Man with the backpack

4 tips to safely carry your bag

Sarah MacdonaldPhysiotherapy

It’s that time of year again, when students of all ages get back to school, and a good time for the rest of us to review our day-to-day habits. As workloads increase, so do the weight of backpacks, totes, or messenger bags carried daily. Many students and workers alike may develop or aggravate back, neck, shoulder or arm pain due to the daily transporting of heavy packs and/or bags.

Are you wearing your bag correctly?

Poor form while carrying a heavy bag such as forward head posture or upper back hunching may contribute to pain in your shoulders, neck, back, or tingling in the arms and hands.

Here are 4 key tips for lifting and carrying a bag that can help to reduce strain on your body.

1. Keep it light. Studies suggest a backpack should not exceed 10-15% of the wearer’s body weight. Limit the need to carry items that may make your bag heavier than 15% of your body weight or opt for a hand-pulled bag on wheels. Lighten your load by leaving unnecessary items/books at home or in a locker when not in use.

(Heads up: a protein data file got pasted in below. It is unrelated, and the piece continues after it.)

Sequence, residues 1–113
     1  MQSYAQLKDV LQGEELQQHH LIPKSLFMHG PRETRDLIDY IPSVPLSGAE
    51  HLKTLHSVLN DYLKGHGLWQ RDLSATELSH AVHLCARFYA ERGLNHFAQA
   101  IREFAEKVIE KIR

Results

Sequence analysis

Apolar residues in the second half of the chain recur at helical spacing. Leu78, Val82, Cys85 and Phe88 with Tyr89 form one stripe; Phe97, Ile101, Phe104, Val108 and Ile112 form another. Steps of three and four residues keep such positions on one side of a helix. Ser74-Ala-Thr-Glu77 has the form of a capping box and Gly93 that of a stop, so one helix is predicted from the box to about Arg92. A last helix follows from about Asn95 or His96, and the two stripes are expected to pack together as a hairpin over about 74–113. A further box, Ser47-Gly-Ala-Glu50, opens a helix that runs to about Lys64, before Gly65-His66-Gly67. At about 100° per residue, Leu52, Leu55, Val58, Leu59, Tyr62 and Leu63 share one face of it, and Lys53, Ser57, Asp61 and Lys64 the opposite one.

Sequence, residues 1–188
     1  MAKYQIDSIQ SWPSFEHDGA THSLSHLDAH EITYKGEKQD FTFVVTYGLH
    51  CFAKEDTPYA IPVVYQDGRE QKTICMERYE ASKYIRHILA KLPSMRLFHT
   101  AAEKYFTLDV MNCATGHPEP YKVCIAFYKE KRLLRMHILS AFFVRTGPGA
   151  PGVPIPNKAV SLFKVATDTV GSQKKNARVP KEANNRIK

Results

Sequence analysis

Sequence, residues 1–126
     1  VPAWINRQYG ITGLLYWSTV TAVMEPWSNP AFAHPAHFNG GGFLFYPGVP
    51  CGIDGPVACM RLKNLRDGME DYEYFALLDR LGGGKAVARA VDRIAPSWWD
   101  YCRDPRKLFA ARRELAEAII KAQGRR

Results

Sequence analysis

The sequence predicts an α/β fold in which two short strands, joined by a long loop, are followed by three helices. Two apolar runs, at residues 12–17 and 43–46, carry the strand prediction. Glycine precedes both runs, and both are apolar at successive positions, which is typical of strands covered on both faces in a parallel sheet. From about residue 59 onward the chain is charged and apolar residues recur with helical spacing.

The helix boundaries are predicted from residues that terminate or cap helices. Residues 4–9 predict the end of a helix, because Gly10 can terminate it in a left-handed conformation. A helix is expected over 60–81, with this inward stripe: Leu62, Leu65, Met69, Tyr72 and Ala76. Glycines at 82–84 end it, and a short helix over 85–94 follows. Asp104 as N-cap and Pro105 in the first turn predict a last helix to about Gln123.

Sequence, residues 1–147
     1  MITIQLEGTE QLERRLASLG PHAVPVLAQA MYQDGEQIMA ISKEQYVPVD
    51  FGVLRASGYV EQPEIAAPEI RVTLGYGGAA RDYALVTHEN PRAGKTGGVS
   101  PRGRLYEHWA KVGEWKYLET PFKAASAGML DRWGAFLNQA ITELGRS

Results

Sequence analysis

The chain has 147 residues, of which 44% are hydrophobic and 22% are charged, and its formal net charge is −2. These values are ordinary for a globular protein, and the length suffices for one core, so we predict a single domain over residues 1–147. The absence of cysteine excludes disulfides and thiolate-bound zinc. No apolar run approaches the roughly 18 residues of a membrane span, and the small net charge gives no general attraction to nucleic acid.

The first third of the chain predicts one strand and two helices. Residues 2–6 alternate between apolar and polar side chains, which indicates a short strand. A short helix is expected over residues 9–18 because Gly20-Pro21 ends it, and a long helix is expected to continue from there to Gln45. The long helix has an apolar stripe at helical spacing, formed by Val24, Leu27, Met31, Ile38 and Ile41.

2. Place heavier items close to your body. To help prevent injuries, distribute the weight of the contents of your bag by placing heavier items on the bottom or part closest to your body, while storing lighter objects in the outer compartments.

3. Distribute load evenly. Uneven distribution of weight can cause stress and strain on the body. For a more balanced bag, select one with wide and padded shoulder straps that can be adjusted and use both shoulders to carry the pack so that it sits symmetrically above the buttocks. A hip or cross-chest strap, if your bag is equipped with one, can help distribute the load across even more areas of the body.

4. Use your legs to lift. Flinging a bag over your shoulders adds stress from lifting and twisting to the neck and spine. Use your legs to lift the weight off an elevated surface such as a table in a slow and controlled way.  Keep the load as close to your body as you can and avoid twisting.

Wondering if your bag is causing you strain and pain? A ptHealth clinician can help by conducting a focused assessment and providing you with a treatment plan to help you reach your goals.   Check out locations page to find a ptHealth clinic near you or book online to schedule an appointment

This blog originally appeared on and was written by Krista McIntyre, Physiotherapist and National Director of Program Development, Specialty Services.


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